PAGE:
200 feared dead amid anti-U.S. rioting

The Washington Post

Hundreds of people were feared killed in the northern city of Kano during two days of anti-American riots led by Muslims protesting the U.S.-led bombing of Afghanistan, according to residents and police sources.

While police officially put the death toll at 13, residents and police officials said the number was likely to exceed 200.

Residents interviewed by telephone said the streets, littered with smoldering cars, were deserted Sunday as heavily armed troops, with armored personnel carriers and tanks, patrolled the city. Kano, which has about 1 million residents, remained under a 7 p.m. to 6 a.m. curfew. Soldiers have orders to shoot on sight anyone violating it.

Nigeria, with 120 million people, is West Africa's most populous country and a crucial supplier of oil to the United States. It is about evenly split between Christians, who live mainly in the south, and Muslims, who dominate in the north. Analysts and Muslim leaders said the rioting highlighted the danger faced by President Olusegun Obasanjo who supports the U.S.-led raids in Afghanistan.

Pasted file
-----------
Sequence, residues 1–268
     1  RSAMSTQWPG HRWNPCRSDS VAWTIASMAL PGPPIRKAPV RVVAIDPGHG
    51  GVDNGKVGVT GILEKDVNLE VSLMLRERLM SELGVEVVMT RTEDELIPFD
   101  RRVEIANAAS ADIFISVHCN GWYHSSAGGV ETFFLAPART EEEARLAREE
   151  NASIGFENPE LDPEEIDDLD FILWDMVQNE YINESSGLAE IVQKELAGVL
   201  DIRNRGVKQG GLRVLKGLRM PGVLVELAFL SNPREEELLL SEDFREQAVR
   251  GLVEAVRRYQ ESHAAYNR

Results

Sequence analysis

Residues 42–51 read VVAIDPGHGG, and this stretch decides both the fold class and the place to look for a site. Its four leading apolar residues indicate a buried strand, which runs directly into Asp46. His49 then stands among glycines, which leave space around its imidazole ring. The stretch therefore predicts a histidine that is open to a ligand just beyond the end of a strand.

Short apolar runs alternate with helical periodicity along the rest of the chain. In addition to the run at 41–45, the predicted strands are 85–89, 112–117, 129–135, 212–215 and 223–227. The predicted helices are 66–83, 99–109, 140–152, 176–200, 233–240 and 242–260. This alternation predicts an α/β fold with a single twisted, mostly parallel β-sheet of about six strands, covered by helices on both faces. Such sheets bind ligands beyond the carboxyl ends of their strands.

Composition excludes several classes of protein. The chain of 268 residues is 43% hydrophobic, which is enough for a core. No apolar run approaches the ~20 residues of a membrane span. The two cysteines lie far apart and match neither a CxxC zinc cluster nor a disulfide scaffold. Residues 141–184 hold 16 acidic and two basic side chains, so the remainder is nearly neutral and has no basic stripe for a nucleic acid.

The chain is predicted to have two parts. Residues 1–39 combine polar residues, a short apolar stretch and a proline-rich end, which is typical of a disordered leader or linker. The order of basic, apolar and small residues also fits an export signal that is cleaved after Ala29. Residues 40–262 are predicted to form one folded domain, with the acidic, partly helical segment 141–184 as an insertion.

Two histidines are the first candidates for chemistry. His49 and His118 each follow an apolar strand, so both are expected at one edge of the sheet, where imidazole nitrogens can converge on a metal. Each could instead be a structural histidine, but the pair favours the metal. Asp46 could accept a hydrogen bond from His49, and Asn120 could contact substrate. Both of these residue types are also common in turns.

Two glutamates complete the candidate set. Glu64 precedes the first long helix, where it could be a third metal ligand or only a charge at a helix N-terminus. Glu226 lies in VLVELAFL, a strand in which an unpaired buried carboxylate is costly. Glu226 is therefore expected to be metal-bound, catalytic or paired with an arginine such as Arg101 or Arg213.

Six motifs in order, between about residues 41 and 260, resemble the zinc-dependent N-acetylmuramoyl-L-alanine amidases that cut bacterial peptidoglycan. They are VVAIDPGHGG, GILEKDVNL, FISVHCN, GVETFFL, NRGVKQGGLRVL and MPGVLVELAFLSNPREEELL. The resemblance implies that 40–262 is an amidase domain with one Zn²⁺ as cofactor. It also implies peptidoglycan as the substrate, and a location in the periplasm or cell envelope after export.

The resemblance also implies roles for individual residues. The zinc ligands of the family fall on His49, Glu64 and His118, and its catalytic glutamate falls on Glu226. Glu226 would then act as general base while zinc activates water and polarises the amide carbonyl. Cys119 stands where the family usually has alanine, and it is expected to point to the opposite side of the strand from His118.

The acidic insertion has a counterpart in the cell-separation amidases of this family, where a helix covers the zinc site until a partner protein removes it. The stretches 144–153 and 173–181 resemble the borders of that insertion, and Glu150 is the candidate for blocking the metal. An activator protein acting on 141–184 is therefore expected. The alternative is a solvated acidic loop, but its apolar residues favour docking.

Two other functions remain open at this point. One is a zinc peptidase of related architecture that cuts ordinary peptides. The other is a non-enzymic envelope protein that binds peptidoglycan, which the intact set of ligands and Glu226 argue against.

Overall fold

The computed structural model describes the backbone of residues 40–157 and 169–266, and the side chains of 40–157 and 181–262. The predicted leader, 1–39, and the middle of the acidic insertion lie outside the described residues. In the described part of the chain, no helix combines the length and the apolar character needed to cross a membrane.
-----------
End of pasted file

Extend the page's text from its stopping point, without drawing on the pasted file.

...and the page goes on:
"Muslims here, over 90 percent of them are outraged over the Afghanistan bombings," said Sulliman Kumo, a Muslim scholar.

A diplomat in Lagos said that while there was no sign Obasanjo's government was threatened, "if this continues, added to all the other problems, it could be a rough, rough ride."

The violence in Kano began after a peaceful march by Muslims after Friday's prayers at the mosque, residents said. But then a group of angry Muslims, many carrying posters of bin Laden and anti-U.S. banners, came across a small group of Christians and attacked them.

Kumo said the violence was sparked by a group of "hoodlums" who took advantage of the emotional situation.

Clashes spread across the city and crowds began to loot and burn buildings, residents said.

"Many people were killed last night as Christians or Muslims living in isolated areas of the city were picked off by rival gangs," Charles Ochiama, a Christian banker, said from his sanctuary in a military barracks. "My house in the mainly Muslim Zango area was attacked and burned by rioters. . . . Hundreds of people were not as lucky."

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